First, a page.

Front Page Titles (by Subject) Plants Growing on and near Blackheath APRIL 1857 - The Collected Works of John Stuart Mill, Volume XXXI - Miscellaneous Writings
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Plants Growing on and near Blackheath APRIL 1857 - John Stuart Mill, The Collected Works of John Stuart Mill, Volume XXXI - Miscellaneous Writings 
The Collected Works of John Stuart Mill, Volume XXXI - Miscellaneous Writings, ed. John M. Robson (Toronto: University of Toronto Press, London: Routledge and Kegan Paul, 1989).
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Plants Growing on and near Blackheath
Phytologist, n.s. II (Apr. 1857), 93. Appeared in the section entitled “Botanical Notes, Notices, and Queries.” Signed “J.S.M.” Not republished. For the identification in Mill’s bibliography, see “Observations on Isatis Tinctoria and Other Plants” above.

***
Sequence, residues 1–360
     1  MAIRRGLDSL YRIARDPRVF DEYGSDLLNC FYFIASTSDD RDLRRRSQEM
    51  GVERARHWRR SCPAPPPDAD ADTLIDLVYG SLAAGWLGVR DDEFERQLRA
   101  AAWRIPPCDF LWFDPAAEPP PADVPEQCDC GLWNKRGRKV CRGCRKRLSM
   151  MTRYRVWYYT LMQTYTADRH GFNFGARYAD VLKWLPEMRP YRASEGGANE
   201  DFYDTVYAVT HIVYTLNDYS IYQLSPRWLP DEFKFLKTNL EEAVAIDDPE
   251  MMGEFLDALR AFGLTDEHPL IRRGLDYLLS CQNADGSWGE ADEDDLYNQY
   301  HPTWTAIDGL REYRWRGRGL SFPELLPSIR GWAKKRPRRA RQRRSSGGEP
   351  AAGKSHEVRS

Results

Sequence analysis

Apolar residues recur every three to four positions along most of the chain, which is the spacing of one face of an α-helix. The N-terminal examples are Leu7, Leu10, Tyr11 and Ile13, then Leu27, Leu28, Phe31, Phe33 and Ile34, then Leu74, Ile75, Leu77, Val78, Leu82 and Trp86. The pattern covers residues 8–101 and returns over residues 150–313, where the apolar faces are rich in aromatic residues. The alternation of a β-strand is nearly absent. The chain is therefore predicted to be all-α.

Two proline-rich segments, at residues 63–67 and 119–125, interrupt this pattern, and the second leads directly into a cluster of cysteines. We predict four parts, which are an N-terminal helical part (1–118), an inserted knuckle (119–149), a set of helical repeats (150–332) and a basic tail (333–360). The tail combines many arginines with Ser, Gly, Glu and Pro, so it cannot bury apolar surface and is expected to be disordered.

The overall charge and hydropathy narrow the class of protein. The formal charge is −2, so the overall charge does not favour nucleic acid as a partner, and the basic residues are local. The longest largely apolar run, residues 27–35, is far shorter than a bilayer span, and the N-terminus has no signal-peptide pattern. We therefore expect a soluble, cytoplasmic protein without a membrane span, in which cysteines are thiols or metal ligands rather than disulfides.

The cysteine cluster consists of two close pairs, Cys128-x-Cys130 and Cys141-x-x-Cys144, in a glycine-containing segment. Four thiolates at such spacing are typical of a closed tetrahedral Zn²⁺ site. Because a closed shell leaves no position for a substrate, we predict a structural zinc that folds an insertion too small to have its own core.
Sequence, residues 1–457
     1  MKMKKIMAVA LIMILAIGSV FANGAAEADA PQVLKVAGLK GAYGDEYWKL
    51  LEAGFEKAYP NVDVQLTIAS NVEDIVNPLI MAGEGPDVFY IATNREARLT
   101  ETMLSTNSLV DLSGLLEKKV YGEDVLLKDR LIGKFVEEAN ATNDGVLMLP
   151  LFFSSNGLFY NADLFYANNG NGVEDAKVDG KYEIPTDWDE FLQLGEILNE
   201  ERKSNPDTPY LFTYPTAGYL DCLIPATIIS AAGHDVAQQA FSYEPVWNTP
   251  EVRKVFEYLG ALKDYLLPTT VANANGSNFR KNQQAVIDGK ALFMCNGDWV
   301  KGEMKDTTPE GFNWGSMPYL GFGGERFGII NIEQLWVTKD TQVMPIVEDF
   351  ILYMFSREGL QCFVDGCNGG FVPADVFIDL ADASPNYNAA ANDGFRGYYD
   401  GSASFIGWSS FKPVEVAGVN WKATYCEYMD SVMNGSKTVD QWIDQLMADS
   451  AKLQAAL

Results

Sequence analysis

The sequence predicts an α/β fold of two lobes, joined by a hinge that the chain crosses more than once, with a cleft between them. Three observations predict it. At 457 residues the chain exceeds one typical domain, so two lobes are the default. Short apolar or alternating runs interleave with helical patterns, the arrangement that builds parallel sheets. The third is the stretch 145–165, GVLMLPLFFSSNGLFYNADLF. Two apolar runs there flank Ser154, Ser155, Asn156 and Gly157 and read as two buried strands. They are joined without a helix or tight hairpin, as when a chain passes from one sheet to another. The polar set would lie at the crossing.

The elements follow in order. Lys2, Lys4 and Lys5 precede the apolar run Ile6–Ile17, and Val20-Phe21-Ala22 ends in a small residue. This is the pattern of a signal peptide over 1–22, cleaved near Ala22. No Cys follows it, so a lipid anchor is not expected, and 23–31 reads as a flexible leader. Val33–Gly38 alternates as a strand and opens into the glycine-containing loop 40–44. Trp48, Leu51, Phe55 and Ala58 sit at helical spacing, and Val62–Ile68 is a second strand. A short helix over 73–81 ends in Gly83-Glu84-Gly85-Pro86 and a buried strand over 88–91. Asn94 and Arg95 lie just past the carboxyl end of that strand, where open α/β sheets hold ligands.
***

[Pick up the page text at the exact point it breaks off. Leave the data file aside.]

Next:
torilis nodosa.—On the grassy slope above Hyde Vale.
Trifolium striatum.—Very abundantly along the road crossing the heath diagonally towards Morden College, and the prolongation of that road into Blackheath Park (June, 1856).
Trifolium (or Trigonella) ornithopodioides.—Very scantily by the same road, in front of the Paragon, in 1853. Not seen since; but Blackheath being one of the recorded stations of this small inconspicuous plant, it probably still exists on some other part of the heath.
Tragopogon porrifolius.—In some abundance in a corner of a meadow by the prolongation (already mentioned) of the diagonal road into Blackheath Park. The plant has been completely established in the locality for some years past. There is nothing to show its origin; but it is to be feared that the progress of building will shortly root it out.
Senecio viscosus.—A weed on the glebe-land at Lee, in profusion (1851). The land is now covered with houses, but the plant has survived this peril, being still found in considerable quantity by the roadside.